Because Third Strike was developed for a 4:3 arcade monitor, Capcom kept the original display mode intact. Menu screens and the associated character art are displayed in a stretched fashion before a match, but in-game, everything is in the proper aspect ratio unless you choose to stretch it out to 16:9 in the options. Whereas most companies would simply slap a border onto the screen, Capcom decided to use the dead space on the side of the screen for something useful: a real-time objective display.
Integrated into Third Strike is a goal system comprised of named challenges. Beating certain challenges unlocks Achievements; however, the more practical goal is the collection of vault points. Because the challenges cover just about every aspect of a fight, you're bound to start completing them just by playing the game. Play enough, and you'll have a nice little bank of points that can be used to unlock bonus items, such as concept art and music tracks. It's a nice touch for hardcore fans.
Third Strike comes standard with remixed theme music for the main menu and character select screens. The original tunes, as well as remixed themes for each of the stages, can be unlocked in the vault. All of the remixes are nicely done, fitting in with the theme of the game, yet still feeling contemporary. It's very easy to forget that these remixes didn't originally ship with the game more than a decade ago.
Given that "online" appears right in the name of Third Strike - Online Edition, it's worth noting that the game performs admirably online. Third Strike uses a version of the open-source GGPO netcode to provide a seemingly lag-free online experience. It can't compensate for every online hiccup (so if you have a poor-quality connection in the first place, don't expect it to work miracles), but for most players, the online matches will feel just like local competition.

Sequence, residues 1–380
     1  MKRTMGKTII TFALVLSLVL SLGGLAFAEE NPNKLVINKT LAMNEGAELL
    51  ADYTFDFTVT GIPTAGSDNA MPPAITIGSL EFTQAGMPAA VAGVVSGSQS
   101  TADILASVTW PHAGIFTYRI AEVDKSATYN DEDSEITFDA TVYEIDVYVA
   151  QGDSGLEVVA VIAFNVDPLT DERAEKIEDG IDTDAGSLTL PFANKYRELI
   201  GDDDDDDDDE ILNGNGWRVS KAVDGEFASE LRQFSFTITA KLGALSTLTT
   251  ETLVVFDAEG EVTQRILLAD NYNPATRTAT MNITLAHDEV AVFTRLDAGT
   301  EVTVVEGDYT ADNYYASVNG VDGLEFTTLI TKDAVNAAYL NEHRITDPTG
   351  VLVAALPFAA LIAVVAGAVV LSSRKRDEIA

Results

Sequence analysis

In addition to playing ranked and casual matches online, Third Strike also allows you to create tournaments or play locally. Replays of online matches can be saved, just like in Super Street Fighter IV Arcade Edition; however, sharing them with others online, searching for specific replays and viewing streaming replays — all features of the game — were non-functional during our time with Third Strike. Even YouTube sharing failed to work. Nearly all of the replay features returned a server error when used.
Replay functionality may not be a core part of the game, but it is a feature used by core fans. Add a point to the score if Capcom gets it working in the future.
When all is said and done, Street Fighter III: Third Strike - Online Edition is much more than a straightforward port. Capcom and Iron Galaxy have put together what is essentially the definitive version of Street Fighter III: Third Strike. With arcade-perfect gameplay, solid online match-ups and plenty of unlockable extras, it's finally time to retire your old Dreamcast copy of the game. At a 1,200 MSP ($15 USD) price point, it's also quite a bit cheaper than tracking down a used copy on eBay.